January 30, 2021 Rich Rezler
It’s ironic that Kristy King, who aspires to be a sideline sports reporter for a major television network, finds herself everywhere but on the sidelines. Rather, she has dove head first into the center of every opportunity that Washtenaw Community College offered.
“I’ve really been able to customize my education at WCC to what I want to accomplish,” King says. “I’ll forever be indebted to and grateful for the instructors at WCC. I’m a huge advocate and can’t say enough about them. If anyone wants something there, the instructors will bend over backwards for you.”
Of course, students must also be willing to put in the work. And King has certainly done that.
The 32-year-old Williamston resident earned a bachelor’s degree from Siena Heights University and was several years into a career in sales before making the decision to pursue something that would make her happier. When friends started joking that her obsession with watching and discussing sports was becoming problematic, a new career path started to take form.
“Working in sales wasn’t a bad job. I made a lot of money and I was good at it,” King says. “But I was working 80 hours per week and hated it.”
Being on television isn’t an entirely new idea for King, who remembers being an 8-year-old telling everyone she was going to be like Oprah. After spending much of her life participating in and following sports, she now envisions something more like Michael Strahan – the former NFL player who co-hosts ABC’s Good Morning America.
Although she ran track in college, King says her favorite sport has always been basketball. Her 5-foot-3 frame wasn’t conducive to success in that sport, however. “I was on the varsity team in high school, but I pretty much sat on the bench and helped boost the team GPA,” she jokes.
There’s no blueprint for becoming a sideline reporter, so King set out on her own fact-finding mission. A conversation with WCC’s Broadcast Media Arts lead faculty member Dena Blair put a plan into motion.
King enrolled in WCC’s broadcasting certificate program and supplemented that curriculum by taking electives that would help hone her craft, including Journalism and Communication classes, acting classes from the Drama department and video and photography classes from the Digital Media Arts department.
Outside of the classroom, King signed on as a staff writer for WCC’s award-winning student newspaper, The Washtenaw Voice, and got on-camera experience as one of the publication’s hosts of “The Week,” a student-produced video broadcast. She further refined her oratory skills as an on-air radio host at Orchard Radio, the college’s online radio station.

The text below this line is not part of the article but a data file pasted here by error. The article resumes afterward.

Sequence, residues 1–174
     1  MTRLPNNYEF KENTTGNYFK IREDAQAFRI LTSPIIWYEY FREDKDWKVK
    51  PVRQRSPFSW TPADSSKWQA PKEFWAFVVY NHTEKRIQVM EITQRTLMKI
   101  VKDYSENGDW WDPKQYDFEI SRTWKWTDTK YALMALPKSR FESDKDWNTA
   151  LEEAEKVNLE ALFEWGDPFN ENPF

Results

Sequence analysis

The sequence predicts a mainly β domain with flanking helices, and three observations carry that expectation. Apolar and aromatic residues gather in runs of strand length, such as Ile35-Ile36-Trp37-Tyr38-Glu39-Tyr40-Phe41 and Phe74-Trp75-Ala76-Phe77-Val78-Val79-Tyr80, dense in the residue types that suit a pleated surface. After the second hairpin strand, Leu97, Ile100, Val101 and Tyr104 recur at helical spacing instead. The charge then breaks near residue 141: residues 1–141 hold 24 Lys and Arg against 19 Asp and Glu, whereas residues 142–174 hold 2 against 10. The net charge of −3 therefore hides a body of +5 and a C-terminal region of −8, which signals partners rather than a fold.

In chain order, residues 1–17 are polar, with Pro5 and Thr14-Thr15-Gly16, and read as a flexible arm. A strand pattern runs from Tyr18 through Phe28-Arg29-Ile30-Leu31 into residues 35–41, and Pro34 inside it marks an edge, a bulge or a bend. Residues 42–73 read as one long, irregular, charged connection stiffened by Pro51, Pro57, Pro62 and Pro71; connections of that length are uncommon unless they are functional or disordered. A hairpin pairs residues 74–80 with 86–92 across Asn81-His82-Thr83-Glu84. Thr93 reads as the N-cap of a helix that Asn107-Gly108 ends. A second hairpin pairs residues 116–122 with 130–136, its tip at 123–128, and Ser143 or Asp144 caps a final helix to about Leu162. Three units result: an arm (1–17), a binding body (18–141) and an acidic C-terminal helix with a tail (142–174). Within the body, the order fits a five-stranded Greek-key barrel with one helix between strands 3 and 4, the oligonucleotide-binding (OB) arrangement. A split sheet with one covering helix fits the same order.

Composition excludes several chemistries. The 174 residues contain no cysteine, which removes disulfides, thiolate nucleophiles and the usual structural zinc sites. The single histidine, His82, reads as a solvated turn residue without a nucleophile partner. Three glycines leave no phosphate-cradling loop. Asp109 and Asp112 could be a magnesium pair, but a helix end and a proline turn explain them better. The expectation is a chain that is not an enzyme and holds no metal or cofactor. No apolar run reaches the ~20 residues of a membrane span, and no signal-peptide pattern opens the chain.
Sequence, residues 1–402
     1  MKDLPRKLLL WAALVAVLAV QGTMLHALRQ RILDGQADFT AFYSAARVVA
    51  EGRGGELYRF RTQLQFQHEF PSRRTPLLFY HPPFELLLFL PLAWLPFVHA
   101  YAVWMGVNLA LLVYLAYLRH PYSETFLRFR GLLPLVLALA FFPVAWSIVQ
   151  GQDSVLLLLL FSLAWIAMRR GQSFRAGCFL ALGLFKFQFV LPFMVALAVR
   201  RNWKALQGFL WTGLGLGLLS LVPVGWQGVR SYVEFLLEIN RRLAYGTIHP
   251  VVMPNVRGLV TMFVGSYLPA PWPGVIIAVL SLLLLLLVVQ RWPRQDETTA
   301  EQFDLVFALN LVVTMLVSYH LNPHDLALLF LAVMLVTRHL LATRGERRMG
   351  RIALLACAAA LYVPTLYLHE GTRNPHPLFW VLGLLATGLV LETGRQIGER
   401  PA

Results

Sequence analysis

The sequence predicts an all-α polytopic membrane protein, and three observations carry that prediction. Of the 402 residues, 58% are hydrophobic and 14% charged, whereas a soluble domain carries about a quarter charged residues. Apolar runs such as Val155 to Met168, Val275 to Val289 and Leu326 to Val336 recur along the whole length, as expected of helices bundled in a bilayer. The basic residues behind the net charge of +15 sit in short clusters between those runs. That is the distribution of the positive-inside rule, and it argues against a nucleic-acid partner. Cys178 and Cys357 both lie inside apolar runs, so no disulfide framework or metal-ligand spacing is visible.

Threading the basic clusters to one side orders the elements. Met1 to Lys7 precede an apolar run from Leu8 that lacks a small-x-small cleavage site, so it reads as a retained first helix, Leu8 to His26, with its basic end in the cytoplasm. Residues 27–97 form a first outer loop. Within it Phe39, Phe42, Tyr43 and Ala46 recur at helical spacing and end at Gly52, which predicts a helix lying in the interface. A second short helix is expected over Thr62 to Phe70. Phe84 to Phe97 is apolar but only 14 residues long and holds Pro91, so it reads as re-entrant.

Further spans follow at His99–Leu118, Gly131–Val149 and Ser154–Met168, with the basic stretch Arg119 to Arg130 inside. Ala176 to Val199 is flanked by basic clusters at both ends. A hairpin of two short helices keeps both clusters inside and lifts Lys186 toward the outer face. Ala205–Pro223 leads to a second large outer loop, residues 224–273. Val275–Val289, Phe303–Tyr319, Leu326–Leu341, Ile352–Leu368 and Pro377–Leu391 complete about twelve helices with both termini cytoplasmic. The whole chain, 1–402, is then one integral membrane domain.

King currently has her proverbial foot in the door of the sports television industry as an intern with the Eastern Michigan University Athletic Media Relations Office, working as a production assistant for Eagles athletic events that air on ESPN3 and ESPN+. While most of that work is done behind the scenes, she has had opportunities to work as a sideline reporter and interview coaches on-the-air.
Multiple times during a Zoom conversation about her academic and career pursuits, King stopped to stress how much she appreciates the support and guidance she has received at WCC – including Journalism instructor David Waskin, Communication instructor Beth Kane, Washtenaw Voice advisor Judy McGovern and former Voice student editor Lilly Kujawski.
Further praise is heaped on Blair, who first convinced King WCC was the place for her and later connected her with the EMU internship.
“That poor woman, I have been into her office hours every week since I started, asking her how to do something, updating my resume or working on a reel. She is a saint,” King says. “And this is not a ‘I Love Dena’ fan page, because that woman gave me my only A- at WCC!”
Blair recently provided King with one more piece of assistance by selecting her as the recipient of a $1,000 scholarship from the Michigan Association of Broadcasters Foundation (MABF).
“This year’s WCC application pool was robust,” Blair said. “Kristy is an exceptional student and I couldn’t be happier for her.”
The MABF awards eight scholarships to two- and four-year colleges across the state. Each institution is reviewed annually to ensure its curriculum and programming meet the exceptional standards that the MABF has set forth. King is the third WCC student to receive the award, following Martaveious Taylor and Ken Hannan.
The scholarship money will be put to good use. While King continues to work as many hours as she did in that old sales job, the salary is incommensurate. A WCC Foundation scholarship and a CARES Act grant have also helped her continue to pursue her dream.
And best of all – also unlike that old sales job – King is happy again.